Traditional picture books are disappearing from schools as reading for pleasure takes a back seat to exam revision, according to a leading author.
Anthony Browne, the Children's Laureate, said there was an increasing focus on more serious novels at a young age as parents and teachers attempted to boost children's reading skills.
He said it risked "devaluing" a number of books - such as WHERE THE WILD THINGS ARE by Maurice Sendak and Julia Donaldson's GRUFFALO - which children find "hugely enjoyable".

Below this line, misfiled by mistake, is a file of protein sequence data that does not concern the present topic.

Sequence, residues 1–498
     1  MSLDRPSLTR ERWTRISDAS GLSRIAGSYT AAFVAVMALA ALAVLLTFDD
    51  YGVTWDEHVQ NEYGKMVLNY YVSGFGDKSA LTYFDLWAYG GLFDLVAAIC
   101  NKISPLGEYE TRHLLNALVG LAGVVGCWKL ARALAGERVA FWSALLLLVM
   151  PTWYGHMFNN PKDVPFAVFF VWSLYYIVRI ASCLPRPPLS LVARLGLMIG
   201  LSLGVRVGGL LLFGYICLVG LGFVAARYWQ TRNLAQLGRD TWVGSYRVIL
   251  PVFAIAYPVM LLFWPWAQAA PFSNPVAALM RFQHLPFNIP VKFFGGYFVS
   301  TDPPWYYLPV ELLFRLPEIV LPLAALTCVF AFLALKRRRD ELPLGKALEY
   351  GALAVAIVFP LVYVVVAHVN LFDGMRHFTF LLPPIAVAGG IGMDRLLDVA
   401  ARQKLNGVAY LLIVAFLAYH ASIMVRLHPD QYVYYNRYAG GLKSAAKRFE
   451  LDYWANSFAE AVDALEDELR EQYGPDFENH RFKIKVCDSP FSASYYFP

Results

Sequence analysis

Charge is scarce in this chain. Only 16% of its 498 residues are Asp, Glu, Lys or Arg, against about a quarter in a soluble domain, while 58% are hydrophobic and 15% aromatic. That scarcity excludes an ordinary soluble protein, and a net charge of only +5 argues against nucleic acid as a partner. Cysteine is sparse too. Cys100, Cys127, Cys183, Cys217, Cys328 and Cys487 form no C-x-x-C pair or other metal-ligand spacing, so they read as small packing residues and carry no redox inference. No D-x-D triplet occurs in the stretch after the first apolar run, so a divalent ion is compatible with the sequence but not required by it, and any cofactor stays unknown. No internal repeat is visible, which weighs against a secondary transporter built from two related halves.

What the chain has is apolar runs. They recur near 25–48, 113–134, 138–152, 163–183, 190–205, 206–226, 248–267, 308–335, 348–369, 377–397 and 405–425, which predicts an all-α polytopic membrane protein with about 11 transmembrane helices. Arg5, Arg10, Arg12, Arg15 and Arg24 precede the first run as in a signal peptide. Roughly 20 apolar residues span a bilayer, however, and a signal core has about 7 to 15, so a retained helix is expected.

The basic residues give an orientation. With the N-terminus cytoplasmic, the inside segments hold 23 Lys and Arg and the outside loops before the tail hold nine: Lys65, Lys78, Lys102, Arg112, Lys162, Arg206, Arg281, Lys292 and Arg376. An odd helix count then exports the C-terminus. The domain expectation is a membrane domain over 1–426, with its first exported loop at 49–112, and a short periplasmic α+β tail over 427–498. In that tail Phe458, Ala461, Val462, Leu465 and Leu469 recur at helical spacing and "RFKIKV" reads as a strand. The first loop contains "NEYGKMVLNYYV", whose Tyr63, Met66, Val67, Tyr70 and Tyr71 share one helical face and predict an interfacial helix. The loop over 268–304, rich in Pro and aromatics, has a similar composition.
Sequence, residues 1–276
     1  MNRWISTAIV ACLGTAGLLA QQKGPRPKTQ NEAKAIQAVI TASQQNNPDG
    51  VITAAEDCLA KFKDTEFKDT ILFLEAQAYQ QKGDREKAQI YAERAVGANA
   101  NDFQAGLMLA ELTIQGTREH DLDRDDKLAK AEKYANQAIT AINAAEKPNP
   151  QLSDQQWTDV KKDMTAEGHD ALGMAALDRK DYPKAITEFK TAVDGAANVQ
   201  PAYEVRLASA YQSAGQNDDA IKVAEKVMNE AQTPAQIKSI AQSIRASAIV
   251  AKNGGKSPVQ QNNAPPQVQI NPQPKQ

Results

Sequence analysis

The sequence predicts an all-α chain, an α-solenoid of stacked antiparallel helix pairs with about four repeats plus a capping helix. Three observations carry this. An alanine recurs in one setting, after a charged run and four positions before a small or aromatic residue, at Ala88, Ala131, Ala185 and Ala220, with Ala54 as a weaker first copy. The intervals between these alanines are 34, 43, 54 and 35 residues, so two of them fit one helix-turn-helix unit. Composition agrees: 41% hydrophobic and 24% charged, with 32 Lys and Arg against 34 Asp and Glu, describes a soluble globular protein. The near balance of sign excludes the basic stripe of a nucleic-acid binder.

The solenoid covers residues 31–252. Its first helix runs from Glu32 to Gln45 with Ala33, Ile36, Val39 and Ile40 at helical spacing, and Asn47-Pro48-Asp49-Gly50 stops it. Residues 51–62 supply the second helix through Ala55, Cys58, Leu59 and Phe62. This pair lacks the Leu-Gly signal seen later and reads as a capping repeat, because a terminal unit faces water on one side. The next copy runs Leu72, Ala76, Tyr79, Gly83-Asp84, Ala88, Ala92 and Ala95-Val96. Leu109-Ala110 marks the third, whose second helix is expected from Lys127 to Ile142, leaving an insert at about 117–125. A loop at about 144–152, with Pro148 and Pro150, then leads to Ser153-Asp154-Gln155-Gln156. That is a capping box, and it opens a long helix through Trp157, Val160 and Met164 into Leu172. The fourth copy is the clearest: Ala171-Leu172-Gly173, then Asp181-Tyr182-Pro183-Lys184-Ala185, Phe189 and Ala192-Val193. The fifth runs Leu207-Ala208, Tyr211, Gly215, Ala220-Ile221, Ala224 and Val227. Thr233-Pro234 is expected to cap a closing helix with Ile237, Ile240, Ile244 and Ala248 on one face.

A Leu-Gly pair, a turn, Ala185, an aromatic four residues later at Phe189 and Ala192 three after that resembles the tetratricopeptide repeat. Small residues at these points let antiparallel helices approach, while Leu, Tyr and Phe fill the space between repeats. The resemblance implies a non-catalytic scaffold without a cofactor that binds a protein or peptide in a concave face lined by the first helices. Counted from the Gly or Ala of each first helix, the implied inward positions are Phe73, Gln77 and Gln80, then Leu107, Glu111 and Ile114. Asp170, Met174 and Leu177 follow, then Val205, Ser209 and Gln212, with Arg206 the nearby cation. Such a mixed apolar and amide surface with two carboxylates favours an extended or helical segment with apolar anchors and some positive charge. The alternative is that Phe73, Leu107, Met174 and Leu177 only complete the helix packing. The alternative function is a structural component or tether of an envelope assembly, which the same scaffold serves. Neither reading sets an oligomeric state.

Next week the Booktrust charity's Children's Book Week will be based on the theme 'words and pictures'. Browne said: "Picture books have been marginalised in recent years. It may be driven by the focus on children passing tests".
"Parents also try to get their children to read more serious books from a younger age. But there is a danger that children can lose their enjoyment of reading if they are pushed on to books they're not ready for."
Source: The Daily Telegraph.